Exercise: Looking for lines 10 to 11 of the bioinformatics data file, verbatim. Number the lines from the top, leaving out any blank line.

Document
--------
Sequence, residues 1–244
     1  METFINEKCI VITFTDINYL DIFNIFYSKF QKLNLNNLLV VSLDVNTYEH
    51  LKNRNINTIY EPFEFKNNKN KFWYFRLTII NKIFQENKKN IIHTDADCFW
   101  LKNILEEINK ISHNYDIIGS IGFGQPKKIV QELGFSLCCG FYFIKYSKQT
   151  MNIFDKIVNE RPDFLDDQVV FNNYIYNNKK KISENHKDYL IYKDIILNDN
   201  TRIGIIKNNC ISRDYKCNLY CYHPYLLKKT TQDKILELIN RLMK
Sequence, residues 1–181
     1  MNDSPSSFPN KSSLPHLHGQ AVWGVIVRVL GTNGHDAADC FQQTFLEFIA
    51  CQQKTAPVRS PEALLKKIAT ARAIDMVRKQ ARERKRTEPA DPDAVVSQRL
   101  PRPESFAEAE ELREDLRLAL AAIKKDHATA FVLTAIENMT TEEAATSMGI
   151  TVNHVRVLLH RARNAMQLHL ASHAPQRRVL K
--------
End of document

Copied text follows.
   101  PRPESFAEAE ELREDLRLAL AAIKKDHATA FVLTAIENMT TEEAATSMGI
   151  TVNHVRVLLH RARNAMQLHL ASHAPQRRVL K